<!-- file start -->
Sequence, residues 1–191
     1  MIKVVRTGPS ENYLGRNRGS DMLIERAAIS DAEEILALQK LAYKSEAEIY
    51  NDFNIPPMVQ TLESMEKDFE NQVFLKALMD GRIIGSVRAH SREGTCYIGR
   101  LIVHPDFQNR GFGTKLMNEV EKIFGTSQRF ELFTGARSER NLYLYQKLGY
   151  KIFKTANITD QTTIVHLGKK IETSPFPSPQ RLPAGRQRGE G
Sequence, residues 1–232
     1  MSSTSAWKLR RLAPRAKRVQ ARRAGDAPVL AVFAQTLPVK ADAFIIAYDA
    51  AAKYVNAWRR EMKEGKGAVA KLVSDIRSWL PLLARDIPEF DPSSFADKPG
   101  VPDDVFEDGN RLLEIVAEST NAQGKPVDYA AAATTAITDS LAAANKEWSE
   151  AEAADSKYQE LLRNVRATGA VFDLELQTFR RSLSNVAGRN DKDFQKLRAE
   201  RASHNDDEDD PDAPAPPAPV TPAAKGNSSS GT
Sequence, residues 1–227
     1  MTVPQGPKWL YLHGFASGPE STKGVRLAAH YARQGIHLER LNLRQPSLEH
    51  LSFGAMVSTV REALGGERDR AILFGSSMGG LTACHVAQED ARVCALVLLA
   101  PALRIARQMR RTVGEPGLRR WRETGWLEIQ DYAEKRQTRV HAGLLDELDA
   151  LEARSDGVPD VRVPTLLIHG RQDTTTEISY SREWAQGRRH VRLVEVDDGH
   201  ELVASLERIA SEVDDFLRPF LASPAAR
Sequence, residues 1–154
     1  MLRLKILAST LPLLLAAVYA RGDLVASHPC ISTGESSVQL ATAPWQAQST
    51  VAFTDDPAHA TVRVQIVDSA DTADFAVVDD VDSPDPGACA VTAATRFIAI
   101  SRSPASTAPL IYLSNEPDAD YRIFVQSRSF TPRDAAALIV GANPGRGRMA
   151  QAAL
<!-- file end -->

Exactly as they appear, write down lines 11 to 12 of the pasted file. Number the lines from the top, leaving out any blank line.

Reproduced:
   201  RASHNDDEDD PDAPAPPAPV TPAAKGNSSS GT
Sequence, residues 1–227